Form a Green Team to Improve Your Work Environment
Engage and Motivate Employees With a Green Team at Work
To raise employee awareness of opportunities to save energy and contribute to a healthy work environment, form a green team at work. While debate exists about recycling and other aspects of environmentalism, a green team is motivational for employees who want to make a difference in their work environment.
Especially, your millennial employees are anxious to make a difference in the world environment.
A green team at work fits the bill.
And, the green team may even save energy and time, keep trash out of landfills, opt for reusable dishes, share books in a library, and more for your work environment. A team is a great way to brainstorm and develop ideas.
Like any other team, a green team is an opportunity to involve your employees and to let your employees learn to work together effectively, develop leadership and team skills, and make a difference in a cause that is near and dear to many employees' hearts. A green team sounds like a win for everyone.
20 Ideas to Get Your Green Team Started
Here are twenty ideas to get your green team members started as they brainstorm and implement their own ideas:
- Keep room temperatures set at 68 degrees in the winter and 55 degrees at night.
- Experiment, because employees have to be comfortable, but use air conditioning with discretion during warm weather months.
- Turn off your office lights while you attend meetings during the day and at night and over the weekend.
- Limit the use of space heaters. Ask employees to dress more warmly instead. (Space heaters can also become hazardous especially if employees forget to turn them off.)
- Recycle cans, bottles, newspapers, and magazines.
- Limit the use of disposable products at company supplied lunches and events.
- Put your computer and printer on energy saving settings when you know you'll be away from your desk for awhile.
- Purchase energy efficient appliances for your offices.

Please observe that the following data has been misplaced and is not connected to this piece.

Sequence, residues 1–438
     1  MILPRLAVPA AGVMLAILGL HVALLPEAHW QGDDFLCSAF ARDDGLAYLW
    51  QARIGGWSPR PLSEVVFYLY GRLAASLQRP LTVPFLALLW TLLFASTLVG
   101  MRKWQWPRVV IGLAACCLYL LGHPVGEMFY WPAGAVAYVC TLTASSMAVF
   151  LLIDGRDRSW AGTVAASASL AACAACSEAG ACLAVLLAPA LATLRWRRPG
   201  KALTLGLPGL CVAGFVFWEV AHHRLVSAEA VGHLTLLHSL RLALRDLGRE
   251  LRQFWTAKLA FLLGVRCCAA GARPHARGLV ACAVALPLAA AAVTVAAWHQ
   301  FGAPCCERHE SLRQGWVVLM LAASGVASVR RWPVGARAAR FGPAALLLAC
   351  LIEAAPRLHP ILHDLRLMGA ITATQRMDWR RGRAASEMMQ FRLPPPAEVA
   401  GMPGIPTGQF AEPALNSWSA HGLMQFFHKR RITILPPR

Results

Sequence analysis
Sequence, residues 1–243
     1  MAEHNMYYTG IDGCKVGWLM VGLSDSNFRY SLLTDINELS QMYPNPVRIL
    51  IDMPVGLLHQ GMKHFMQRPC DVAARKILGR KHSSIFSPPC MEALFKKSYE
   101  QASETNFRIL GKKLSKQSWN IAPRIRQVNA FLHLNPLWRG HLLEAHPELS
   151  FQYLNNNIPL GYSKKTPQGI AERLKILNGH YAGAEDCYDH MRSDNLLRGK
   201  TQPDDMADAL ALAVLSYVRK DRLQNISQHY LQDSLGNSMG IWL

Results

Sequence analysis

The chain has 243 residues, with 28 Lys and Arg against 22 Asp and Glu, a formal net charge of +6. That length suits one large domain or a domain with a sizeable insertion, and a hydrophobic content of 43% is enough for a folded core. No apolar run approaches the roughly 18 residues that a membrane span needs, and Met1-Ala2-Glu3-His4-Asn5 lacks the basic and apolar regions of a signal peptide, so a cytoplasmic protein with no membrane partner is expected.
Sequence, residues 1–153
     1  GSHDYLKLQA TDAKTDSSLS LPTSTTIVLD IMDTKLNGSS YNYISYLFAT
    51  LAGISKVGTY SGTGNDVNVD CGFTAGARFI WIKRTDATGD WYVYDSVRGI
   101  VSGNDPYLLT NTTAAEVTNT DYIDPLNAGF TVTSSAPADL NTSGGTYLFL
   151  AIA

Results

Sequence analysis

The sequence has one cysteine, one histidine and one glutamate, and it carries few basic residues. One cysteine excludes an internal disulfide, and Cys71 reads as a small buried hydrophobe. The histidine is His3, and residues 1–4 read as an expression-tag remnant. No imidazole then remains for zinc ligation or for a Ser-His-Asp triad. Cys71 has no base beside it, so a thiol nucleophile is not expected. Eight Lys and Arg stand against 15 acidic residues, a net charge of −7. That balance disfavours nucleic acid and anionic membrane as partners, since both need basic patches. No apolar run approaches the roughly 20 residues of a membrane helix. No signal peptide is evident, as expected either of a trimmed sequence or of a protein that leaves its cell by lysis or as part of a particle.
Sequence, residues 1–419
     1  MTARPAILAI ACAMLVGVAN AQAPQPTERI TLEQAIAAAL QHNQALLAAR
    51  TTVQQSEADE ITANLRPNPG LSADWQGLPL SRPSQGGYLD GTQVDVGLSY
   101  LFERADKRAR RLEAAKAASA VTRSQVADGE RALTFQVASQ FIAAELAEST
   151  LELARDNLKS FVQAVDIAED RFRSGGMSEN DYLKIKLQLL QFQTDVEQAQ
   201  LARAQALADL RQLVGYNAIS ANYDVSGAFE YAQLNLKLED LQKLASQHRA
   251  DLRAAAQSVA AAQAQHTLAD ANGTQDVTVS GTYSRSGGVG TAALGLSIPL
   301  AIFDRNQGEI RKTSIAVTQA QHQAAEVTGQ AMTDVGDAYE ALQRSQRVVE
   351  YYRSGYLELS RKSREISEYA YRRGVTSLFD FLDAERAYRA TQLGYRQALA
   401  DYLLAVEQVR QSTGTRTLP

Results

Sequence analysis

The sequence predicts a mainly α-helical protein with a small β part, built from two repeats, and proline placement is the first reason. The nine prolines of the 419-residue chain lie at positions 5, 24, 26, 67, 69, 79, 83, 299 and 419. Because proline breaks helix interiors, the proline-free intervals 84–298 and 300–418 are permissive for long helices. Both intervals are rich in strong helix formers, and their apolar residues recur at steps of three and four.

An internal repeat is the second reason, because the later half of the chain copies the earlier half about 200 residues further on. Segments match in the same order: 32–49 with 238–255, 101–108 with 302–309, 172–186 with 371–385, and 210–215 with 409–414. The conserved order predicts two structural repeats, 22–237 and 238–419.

- Turn lights off in restrooms, conference rooms, libraries, and so forth when the room is not in use.
- Send extra food from company events and lunches home with employees or deliver the food to a local charity rather than throwing it away.
- Email advisories about how employees can use less paper. Examples include set printers to duplex by default; print on both sides of paper for internal or personal use documents.
- Purchase large or refillable containers of creamer, sugar, salt, pepper, and butter instead of individual containers.
- Suggest lighting changes and use more energy efficient bulbs.
- Buy all employees a "green team" sweatshirt that they can leave in their offices or cubicles to wear when feeling cold.
- Evaluate packaging, shipping, and marketing materials to eliminate waste.
- Ask vendors who supply company lunches not to deliver lunches in individual boxes.
- Encourage employee car pools. Provide transit discounts to encourage public transportation use.
- Encourage employees to recycle at home; provide a listing of recycling centers or reuse sites such as Freecycle.com.
- Donate unwanted cell phones to organizations such as Recellular, Inc. that will recycle, refurbish, and promote reuse to provide funding for charitable and environmental causes.
- Buy and sell used two-way radios, parts, and equipment at locations such as UsedRadios.com.
Your green team at work is a win for the employer, the employees, and the world environment that sustains us all. Use these ideas to help your green team get started.
Your green team is a welcome addition to your empowering, engaging work environment for employees. Don't let an opportunity so simple, yet so demonstrative of corporate social responsibility, pass you by. Form a green team at work.
Thanks to Jennifer Middlin, formerly of Techsmith Corporation for several of these ideas.
More Resources for Teams and Employee Motivation
- 12 Tips for Team Building
- Team Building and Delegation: How and When to Empower People
- 7 Ways to Foster Employee Motivation - Today
- Employee Involvement
- Employee Motivation: What Employees Want From Work